Robert Kagan’s new book is making waves.
The Ghost at the Feast: The Collapse of World Order in the 20th Century, published last month, is “a monumental book” and “profoundly relevant,” says Suzanne Maloney, the vice-president of the Brookings Institution, where he wrote it. Historian Paul Kennedy called it “probably the most comprehensive and most impressive recent analysis we have of how America regards the outside world and its own place in it” during the first decades of the 20th century.
This is a new look at America’s rise to world power, and it focuses on the domestic underpinnings of foreign policy. Public opinion matters, and so does Congress, especially on the big questions of war and peace. These factors, combined with America’s geography and economic power are the reasons foreign policy in this country oscillates between internationalism and isolationism.
And that oscillation lulls autocratic foreign powers into underestimating the American response to naked aggression. Hitler did, and so did Japanese leaders in World War II. Neither expected the United States would intervene to prevent the collapse of the liberal world order. The same can be said of Putin when he launched his assault on Ukraine just one year ago.
Dr. Kagan calls this phenomenon “The American Trap.”
His new history supports his contention that America’s best way of relating to the world is less isolationism and more “benevolent hegemony.” Not everyone will agree, but it’s a perspective worth examining.
Robert Kagan is our guest on Feb. 28 at the World Trade Center.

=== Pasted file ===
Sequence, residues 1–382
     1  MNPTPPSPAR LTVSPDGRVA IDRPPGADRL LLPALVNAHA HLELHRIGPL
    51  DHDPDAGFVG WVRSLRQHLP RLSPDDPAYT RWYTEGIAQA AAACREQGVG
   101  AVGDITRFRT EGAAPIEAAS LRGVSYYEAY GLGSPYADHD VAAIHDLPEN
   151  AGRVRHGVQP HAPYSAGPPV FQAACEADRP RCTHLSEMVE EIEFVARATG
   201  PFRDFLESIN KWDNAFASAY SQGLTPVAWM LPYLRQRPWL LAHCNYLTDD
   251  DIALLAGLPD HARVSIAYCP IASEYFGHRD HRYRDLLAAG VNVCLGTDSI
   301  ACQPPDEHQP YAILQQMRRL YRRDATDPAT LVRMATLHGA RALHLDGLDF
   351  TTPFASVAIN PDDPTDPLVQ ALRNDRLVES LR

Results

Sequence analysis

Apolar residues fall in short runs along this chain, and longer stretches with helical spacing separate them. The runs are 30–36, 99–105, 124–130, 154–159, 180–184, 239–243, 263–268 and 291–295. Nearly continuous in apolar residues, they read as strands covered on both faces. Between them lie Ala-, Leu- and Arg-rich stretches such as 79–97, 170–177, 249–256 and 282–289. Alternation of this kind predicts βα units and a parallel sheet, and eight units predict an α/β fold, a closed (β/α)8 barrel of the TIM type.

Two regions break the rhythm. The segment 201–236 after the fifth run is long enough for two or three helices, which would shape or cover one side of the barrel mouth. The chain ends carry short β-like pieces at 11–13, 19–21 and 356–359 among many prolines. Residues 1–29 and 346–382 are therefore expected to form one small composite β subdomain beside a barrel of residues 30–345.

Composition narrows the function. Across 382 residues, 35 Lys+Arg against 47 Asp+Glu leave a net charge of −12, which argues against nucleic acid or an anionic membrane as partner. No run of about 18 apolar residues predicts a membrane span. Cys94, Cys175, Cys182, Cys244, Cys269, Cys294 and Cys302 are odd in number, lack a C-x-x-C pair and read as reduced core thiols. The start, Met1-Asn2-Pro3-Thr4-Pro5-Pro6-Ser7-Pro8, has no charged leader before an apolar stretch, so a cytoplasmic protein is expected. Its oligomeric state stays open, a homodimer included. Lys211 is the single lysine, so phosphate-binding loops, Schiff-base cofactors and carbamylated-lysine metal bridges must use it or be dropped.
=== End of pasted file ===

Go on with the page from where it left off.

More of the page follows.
Please join us for what promises to be a lively conversation!
Robert Kagan is the Stephen & Barbara Friedman Senior Fellow with the Project on International Order and Strategy in the Foreign Policy program at Brookings. One of his previous books was a New York Times bestseller, The World America Made. (Knopf, 2012). He is also the author of The Jungle Grows Back: America and Our Imperiled World (Knopf 2018), Return of History and the End of Dreams (Knopf 2008), Dangerous Nation: America’s Place in the World Earliest Days to the Dawn of the 20th Century (Knopf 2006), Of Paradise and Power (Knopf 2003) and A Twilight Struggle: American Power and Nicaragua, 1977-1990 (Free Press, 1996).
For his writings, Politico Magazine named Kagan one of the “Politico 50” in 2016, the “thinkers, doers and visionaries transforming American politics in 2016.”
He served in the State Department from 1984 to 1988 as a member of the policy planning staff, as principal speechwriter for Secretary of State George P. Shultz, and as deputy for policy in the Bureau of Inter-American Affairs. He is a graduate of Yale University and Harvard University’s Kennedy School of Government and holds a doctorate in American history from American University.